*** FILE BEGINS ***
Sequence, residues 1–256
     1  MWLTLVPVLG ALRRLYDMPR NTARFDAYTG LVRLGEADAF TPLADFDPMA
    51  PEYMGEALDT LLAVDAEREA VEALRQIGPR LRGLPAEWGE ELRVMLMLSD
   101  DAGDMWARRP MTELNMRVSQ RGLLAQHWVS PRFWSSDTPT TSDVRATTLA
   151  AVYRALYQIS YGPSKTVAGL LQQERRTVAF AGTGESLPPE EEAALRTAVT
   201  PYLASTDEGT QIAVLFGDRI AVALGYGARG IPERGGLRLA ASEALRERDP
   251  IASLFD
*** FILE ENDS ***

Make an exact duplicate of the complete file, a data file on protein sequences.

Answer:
Sequence, residues 1–256
     1  MWLTLVPVLG ALRRLYDMPR NTARFDAYTG LVRLGEADAF TPLADFDPMA
    51  PEYMGEALDT LLAVDAEREA VEALRQIGPR LRGLPAEWGE ELRVMLMLSD
   101  DAGDMWARRP MTELNMRVSQ RGLLAQHWVS PRFWSSDTPT TSDVRATTLA
   151  AVYRALYQIS YGPSKTVAGL LQQERRTVAF AGTGESLPPE EEAALRTAVT
   201  PYLASTDEGT QIAVLFGDRI AVALGYGARG IPERGGLRLA ASEALRERDP
   251  IASLFD